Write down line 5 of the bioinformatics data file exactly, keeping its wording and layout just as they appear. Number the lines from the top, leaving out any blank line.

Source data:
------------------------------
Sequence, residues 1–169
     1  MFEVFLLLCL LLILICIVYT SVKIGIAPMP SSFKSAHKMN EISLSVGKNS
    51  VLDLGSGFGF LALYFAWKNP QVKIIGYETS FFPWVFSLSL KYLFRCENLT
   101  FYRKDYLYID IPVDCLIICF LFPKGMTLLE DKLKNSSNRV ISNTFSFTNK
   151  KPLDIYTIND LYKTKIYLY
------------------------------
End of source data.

   151  KPLDIYTIND LYKTKIYLY